Author(s): Ingjaldsson JT, Laberg JC, Thayer JF
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Abstract BACKGROUND: Previous research suggests that heart rate variability (HRV) may be an important factor in various maladaptive psychological conditions. METHODS: This study was conducted to investigate vagal tone assessed as tonic vagally mediated heart rate variability in alcoholic (n = 49) and control subjects (n = 45). RESULTS: Alcoholic subjects had faster heart rate and lower preimaginary exposure levels of HRV compared with the control group. An increase in HRV was observed in the alcoholic group when subjects were exposed to an imaginary alcohol script. Tonic HRV was found to be related inversely to negative mood and chronic thought suppression and positively to positive mood. Furthermore, the compulsive subscale of the Obsessive Compulsive Drinking Scale (OCDS) was inversely related to HRV during the imaginary alcohol exposure. CONCLUSIONS: It is concluded that the findings are in agreement with the neurovisceral integration model of affective regulation, which claims that dysfunctional psychologic states are rooted in an impaired inhibitory mechanism that is associated with low HRV.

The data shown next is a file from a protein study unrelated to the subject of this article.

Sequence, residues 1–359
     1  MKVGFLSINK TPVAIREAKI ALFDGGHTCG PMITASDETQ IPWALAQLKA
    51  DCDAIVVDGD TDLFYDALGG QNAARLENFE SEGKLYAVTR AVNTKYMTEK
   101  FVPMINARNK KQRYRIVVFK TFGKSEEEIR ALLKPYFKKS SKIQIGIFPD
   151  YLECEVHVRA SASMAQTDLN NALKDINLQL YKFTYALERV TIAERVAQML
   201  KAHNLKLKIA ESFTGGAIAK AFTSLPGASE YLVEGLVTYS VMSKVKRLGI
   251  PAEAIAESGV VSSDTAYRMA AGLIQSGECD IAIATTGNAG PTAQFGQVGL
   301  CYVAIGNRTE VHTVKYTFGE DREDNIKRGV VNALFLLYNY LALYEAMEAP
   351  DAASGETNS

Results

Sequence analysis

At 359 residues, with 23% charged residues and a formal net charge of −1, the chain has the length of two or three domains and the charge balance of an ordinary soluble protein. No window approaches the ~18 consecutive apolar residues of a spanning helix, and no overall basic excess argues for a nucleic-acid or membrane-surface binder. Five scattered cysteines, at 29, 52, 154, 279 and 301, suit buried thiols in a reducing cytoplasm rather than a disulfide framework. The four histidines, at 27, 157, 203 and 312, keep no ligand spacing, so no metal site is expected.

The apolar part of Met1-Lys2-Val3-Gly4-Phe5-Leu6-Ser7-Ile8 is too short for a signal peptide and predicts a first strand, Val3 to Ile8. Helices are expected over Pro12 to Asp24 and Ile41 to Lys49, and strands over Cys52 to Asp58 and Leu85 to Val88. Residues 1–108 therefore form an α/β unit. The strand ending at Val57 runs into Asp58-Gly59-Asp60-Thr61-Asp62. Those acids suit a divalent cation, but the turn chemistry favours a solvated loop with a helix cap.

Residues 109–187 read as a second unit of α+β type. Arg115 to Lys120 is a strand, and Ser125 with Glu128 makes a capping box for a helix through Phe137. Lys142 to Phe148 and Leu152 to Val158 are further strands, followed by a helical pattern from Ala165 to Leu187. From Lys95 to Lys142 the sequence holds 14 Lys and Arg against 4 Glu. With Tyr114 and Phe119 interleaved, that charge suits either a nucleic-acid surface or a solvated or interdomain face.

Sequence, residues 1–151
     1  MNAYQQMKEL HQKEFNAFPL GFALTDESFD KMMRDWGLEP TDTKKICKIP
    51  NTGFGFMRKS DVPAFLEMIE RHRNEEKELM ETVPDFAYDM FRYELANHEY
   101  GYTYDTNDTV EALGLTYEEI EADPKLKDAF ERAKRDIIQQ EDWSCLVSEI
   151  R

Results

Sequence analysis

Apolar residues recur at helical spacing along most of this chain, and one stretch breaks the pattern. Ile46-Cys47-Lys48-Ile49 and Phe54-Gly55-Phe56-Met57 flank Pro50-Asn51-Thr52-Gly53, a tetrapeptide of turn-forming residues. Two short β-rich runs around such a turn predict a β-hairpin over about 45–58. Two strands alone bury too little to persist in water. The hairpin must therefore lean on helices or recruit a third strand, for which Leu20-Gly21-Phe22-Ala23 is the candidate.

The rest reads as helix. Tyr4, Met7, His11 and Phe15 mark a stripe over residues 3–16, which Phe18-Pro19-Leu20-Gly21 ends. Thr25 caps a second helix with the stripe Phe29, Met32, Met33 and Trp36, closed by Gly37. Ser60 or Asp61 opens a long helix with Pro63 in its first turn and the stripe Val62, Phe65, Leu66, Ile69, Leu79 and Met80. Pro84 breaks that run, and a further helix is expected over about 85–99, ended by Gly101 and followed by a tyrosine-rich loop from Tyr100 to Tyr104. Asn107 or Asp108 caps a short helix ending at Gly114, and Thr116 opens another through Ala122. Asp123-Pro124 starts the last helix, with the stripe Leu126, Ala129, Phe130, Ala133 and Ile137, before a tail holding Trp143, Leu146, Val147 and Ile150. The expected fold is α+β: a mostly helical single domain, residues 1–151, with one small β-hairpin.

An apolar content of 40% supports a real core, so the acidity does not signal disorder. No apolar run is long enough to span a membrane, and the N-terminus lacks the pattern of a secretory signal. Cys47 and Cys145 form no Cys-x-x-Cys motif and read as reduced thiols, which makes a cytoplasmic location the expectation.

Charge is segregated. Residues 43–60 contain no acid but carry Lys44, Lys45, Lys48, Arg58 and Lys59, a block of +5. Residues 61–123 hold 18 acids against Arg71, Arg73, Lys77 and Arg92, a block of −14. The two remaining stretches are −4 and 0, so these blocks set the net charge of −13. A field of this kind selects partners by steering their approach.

This article was published in Biol Psychiatry
and referenced in Journal of Addiction Research & Therapy